Exactly 26 years after President Wright’s inauguration, on October 19, 1975, Jill Ker Conway became Smith’s first woman president. The women’s movement had created a new understanding of women’s history and aspirations, in part through the leadership of Smith graduates of the '40s and '50s like Betty Friedan and Gloria Steinem. When President Conway described her vision of Smith, she imagined the college in newly utopian terms. Like her immediate predecessors, she felt that women’s education should be different in some respects from that of men, but it was not a domestic ideal she described; it was a heroic one. Because of the history of women’s subordination, she argued, women’s colleges have a unique role both in studying and teaching matters of importance in women’s lives and in educating and inspiring women to achieve everything of which they are capable. Mary Maples Dunn and Ruth Simmons continued to shape a feminist vision of Smith’s identity and mission. They also continued to do the work of Presidents Mendenhall and Conway of diversifying the Smith community, expanding the Ada Comstock program, and increasing the racial and ethnic diversity of Smith’s student body. Presidents Conway, Dunn, and Simmons created the Smith that we know today and upon which we will build in the years ahead.
What will those years hold? Or to put the question in a more personal way, what are my aspirations for Smith? My primary value, and the core of Smith’s mission, is academic excellence. What will we need to do not only to sustain but to enhance Smith’s excellence? Providing the very best education for our students in the decades ahead will require many kinds of fluency. John Schwab described the Yale curriculum at the beginning of the 20th century as a modern factory, with a large stock of very different, complex, and delicate tools, few of which any single employee would understand and use. I wonder if we might imagine today’s curriculum in more electronic terms, as a worldwide web, in which links move us into different disciplines, different cultures, different areas of knowledge, abruptly and with lightning speed. Professor Schwab’s metaphor implies that you can manipulate your own set of tools in the factory, engaging in your piece of its work, without a great deal of concern about your ignorance of others. The worldwide web requires that you continually change your frame of reference. So many problems and questions today require inter-disciplinary and cross-disciplinary analysis, that we must develop the ability in our students to move across disciplines and bodies of knowledge. This is more than taking a course in music, and a course in English, and a course in economics, and a course in biology. It involves understanding differences in methods of inquiry and argument and asking how the tools and materials of one discipline can illuminate the subjects of another. The problems we face today are complex and far-reaching; their solution requires various modes of inquiry and multiple frames of reference. How can biologists, geologists, and engineers work together to understand watersheds? What can the anthropologist teach us about literary texts and the literary scholar teach the anthropologist? How can the philosopher help us understand new capabilities in genetic engineering?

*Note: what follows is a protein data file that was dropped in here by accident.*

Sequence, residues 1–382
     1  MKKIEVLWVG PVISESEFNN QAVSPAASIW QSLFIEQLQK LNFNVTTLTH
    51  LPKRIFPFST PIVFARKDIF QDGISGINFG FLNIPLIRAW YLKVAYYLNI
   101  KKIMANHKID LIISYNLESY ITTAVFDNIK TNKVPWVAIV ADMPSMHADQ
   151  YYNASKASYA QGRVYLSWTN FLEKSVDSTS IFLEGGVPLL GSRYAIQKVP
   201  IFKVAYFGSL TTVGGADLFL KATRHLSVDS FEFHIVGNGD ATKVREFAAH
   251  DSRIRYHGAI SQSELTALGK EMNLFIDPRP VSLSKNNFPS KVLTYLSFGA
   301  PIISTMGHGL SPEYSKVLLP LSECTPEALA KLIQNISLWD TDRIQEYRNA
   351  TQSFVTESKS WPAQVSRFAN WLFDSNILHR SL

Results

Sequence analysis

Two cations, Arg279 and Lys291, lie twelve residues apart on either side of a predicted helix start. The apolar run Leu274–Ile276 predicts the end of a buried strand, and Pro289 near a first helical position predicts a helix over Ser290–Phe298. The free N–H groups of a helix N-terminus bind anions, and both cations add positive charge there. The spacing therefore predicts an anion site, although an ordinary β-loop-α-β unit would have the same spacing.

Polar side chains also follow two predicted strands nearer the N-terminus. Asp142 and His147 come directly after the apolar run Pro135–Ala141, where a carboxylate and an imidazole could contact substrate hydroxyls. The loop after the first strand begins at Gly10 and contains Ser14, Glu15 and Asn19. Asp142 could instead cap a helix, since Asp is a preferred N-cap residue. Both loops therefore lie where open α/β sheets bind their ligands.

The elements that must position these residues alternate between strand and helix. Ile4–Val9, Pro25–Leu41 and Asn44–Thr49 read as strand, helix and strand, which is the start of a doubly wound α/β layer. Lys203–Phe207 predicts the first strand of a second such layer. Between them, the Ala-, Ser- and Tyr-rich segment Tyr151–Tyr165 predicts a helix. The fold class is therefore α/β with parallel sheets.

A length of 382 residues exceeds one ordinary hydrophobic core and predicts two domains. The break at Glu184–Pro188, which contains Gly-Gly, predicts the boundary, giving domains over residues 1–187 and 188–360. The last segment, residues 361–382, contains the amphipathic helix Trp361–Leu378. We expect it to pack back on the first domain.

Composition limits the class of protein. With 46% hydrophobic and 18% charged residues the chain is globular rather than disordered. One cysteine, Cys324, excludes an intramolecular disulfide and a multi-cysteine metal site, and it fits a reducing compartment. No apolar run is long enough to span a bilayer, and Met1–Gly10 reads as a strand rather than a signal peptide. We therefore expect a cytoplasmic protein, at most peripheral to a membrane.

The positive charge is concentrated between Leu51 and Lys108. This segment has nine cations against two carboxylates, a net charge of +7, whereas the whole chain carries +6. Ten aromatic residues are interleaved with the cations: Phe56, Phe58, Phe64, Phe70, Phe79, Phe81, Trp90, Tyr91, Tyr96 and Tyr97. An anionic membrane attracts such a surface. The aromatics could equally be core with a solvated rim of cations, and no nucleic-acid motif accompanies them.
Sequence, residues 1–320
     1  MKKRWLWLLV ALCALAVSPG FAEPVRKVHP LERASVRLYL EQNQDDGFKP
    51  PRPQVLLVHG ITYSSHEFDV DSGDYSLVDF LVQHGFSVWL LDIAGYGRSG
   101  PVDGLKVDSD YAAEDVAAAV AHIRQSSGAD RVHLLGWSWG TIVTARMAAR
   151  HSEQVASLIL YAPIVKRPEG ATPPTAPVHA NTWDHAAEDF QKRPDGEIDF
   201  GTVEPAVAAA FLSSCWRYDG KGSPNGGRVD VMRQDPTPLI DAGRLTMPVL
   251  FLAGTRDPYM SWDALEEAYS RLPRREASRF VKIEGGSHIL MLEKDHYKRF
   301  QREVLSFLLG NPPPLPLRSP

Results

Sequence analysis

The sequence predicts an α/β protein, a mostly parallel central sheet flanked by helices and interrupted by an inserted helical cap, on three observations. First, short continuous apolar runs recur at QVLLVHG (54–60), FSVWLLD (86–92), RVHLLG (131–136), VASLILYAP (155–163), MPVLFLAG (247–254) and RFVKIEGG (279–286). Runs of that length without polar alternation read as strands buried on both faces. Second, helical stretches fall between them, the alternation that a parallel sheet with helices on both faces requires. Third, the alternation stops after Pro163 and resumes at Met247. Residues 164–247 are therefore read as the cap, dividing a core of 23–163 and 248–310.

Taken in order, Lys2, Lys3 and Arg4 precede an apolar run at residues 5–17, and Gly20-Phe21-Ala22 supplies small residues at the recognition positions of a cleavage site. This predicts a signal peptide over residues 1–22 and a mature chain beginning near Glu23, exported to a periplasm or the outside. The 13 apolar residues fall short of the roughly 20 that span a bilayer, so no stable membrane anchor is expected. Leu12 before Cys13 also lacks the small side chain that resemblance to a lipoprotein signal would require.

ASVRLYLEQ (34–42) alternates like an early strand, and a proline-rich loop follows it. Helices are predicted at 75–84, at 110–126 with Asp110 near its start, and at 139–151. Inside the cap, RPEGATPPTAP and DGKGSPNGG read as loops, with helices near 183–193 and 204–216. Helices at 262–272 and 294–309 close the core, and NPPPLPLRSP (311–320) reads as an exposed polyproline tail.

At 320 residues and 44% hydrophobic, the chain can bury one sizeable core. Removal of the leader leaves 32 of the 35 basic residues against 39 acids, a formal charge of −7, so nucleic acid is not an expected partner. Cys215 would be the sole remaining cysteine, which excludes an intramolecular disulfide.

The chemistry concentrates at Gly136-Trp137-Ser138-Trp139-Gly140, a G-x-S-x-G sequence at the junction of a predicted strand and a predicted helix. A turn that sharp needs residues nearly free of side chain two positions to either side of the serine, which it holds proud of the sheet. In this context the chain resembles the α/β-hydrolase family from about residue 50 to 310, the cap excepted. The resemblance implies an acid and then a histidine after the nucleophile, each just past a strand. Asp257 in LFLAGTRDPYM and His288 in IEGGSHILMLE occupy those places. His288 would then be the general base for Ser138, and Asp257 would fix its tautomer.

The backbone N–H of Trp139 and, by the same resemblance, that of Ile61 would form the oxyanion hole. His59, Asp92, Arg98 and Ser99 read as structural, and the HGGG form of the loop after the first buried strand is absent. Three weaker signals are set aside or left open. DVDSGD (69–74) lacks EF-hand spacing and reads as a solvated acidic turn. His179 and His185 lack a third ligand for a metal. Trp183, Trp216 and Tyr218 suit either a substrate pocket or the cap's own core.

In teaching our students to travel across the disciplines, we cannot hold to a falsely stable sense of the liberal arts. The liberal arts curriculum has never been stable. The structure of the disciplines is a historical artifact, and it changes over the course of time. Since I have come to Smith, I have been amused by how often I have been asked whether Smith’s development of the sciences, embodied in its new engineering program and its plan for a new science center, means that it will abandon the liberal arts. Citizens of 18th-century Virginia could have asked Thomas Jefferson the same question when he introduced medical science and natural history into the curriculum. Like Jefferson, I have no intention of abandoning the humanities; they are my intellectual passions and the center of my writing and teaching. But surely the sciences are among the liberal arts—fields of study that contribute to general intellectual culture. We must hold out the same possibility for engineering. Just as the modern languages and the natural sciences came to be regarded as liberal arts over the course of the 19th century, engineering and computer science may well become part of a liberal education in the 21st. Smith will be a pioneer in this process, as one of very few liberal arts colleges and the only women’s college to offer engineering in its curriculum. We must determine not only how best to educate engineers in a liberal arts college but what role engineering might play in the education of musicians, economists, political scientists, and philosophers. Just as the study of literature and art enriches and deepens the education of scientists and engineers, so the study of science and engineering should enrich and deepen the education of historians and poets.